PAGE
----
Professors Steven L. Johnson and Sarah Lebovitz Join DCADS Fellowship Teams on AI Research

Johnson is teaming up with UVA Data Science Professor Tom Hartvigsen and Carnegie Mellon University Professor Maarten Sap to explore identifying implicit bias in natural language using large language models. Lebovitz is partnering with Data Science Professor Mona Sloane and Darden Business Professor Roshni Raveendhran to investigate the application of AI in recruiting.

Sarah Lebovitz and Steven L. Johnson

Sarah Lebovitz and Steven L. Johnson

AI is growing and becoming a larger part of our lives by the day. As such, the need to study and understand its potential, its impact, and its pitfalls is behind UVA’s Darden-Data Science Collaboratory (DCADS) Fellowships for AI Research, awards that are, according to the academic center, designed to “foster collaborative, multidisciplinary academic research activity at UVA on topics at the intersection of data science and business.”

The recipients of the awards, UVA Data Science Professors Tom Hartvigsen and Mona Sloane, are working on separate projects with their own research teams that include McIntire’s Professor Steven L. Johnson and Professor Sarah Lebovitz, respectively, both of whom have extensive experience in AI-related scholarship and shared their expertise on the subject during McIntire’s Fall Forum in October 2023.

Johnson joins Hartvigsen and Professor Maarten Sap of Carnegie Mellon University to focus on detecting implicit bias in natural language with large language models. Lebovitz is collaborating with Sloane and Darden Business Administration Professor Roshni Raveendhran on the use of AI in recruiting.

The Hartvigsen’s team intends to categorize how large language models represent linguistic biases, such as racial, gender-based, and ethnic stereotypes, and in turn, produce models that can continually update as biases evolve. The goal of the project is to successfully develop models capable of quickly and efficiently finding toxic and biased language—something that will be of great benefit to a multitude of industries and the many users they serve.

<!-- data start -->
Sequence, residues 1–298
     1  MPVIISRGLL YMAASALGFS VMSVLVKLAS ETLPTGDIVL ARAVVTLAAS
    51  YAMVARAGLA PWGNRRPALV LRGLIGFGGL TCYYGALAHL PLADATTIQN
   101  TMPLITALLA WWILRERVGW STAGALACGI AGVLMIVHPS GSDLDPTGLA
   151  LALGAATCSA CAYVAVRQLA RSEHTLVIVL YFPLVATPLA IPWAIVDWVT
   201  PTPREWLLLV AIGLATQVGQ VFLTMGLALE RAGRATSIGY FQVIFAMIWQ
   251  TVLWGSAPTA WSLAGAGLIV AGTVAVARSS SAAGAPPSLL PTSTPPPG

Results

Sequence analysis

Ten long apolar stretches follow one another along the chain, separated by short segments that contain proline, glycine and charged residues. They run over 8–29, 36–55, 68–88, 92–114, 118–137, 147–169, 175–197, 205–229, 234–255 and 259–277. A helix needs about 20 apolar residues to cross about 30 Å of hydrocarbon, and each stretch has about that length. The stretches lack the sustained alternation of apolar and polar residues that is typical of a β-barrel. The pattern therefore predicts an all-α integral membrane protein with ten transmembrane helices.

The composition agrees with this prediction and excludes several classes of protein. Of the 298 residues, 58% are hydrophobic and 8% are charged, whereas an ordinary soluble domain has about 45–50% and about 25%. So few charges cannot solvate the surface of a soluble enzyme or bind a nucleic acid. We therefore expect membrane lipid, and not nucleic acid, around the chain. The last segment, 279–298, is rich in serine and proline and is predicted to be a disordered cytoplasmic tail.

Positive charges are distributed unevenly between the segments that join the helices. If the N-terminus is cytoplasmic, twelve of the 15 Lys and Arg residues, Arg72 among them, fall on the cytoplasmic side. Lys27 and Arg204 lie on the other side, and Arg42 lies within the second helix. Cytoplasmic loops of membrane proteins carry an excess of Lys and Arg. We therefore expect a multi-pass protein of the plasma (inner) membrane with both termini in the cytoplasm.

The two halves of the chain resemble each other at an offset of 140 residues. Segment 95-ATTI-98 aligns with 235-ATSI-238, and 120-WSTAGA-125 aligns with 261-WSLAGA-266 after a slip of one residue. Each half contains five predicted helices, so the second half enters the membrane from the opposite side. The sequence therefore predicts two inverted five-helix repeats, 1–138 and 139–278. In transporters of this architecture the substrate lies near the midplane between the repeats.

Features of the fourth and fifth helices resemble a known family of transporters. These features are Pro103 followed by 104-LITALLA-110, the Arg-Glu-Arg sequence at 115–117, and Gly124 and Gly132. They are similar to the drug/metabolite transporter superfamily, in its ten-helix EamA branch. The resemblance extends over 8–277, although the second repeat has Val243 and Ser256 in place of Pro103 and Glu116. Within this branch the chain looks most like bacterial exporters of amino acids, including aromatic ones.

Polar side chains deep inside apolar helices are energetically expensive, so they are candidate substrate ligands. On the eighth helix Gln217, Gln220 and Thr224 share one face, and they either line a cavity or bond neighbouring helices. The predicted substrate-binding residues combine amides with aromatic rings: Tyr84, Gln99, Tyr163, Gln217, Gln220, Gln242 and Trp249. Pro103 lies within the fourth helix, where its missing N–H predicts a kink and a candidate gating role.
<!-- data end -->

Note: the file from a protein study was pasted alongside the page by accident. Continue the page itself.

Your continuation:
“Most people would agree that being ‘fair and unbiased’ is a good thing. But what does that really mean? Bias and fairness are concepts we intuitively understand, but it’s impossible to create any simple rules to eliminate bias and ensure fairness,” says Johnson. “This is a big problem in online communication.”

He explains that the question of how platforms can cut down on toxic content in the absence of universally accepted rules is a problem that goes beyond technology, but in society itself. “In this project, we will study how large language models, like ChatGPT, can provide more context-sensitive identification of toxic content. By combining both data science and information technology approaches, we can find more innovative solutions that combine the perspectives of both disciplines,” says Johnson.

Lebovitz has long admired the work her research partners Sloane and Raveendhran, as they have each been studying AI technologies with their own disciplinary and methodological perspectives. After Slone reached out to Lebovitz and Raveendhran, they began writing the grant proposal together, emphasizing their complementary perspectives, methods, and prior experiences studying the role of AI technologies used in recruiting.

“The proposed research will study how human resources professionals utilize AI in recruiting and investigate the existing landscape of recruiting AI tools,” says Lebovitz. “HR is a high-stakes decision-making context that has major implications for the hiring, employment, promotion, and evaluation of working individuals across the labor force. We aim to systematically examine various outcomes for recruiters that should enable the development of effective regulations and compliance mechanisms for deploying AI in HR.”

Another aim of the work is to produce a public database detailing the properties of recruiting AI tools, “a prerequisite for auditing at scale and other accountability and compliance mechanisms,” says Lebovitz, noting it will serve as “an essential contribution” to both the data science discipline and the growing body of research on AI-driven decision-making in business.

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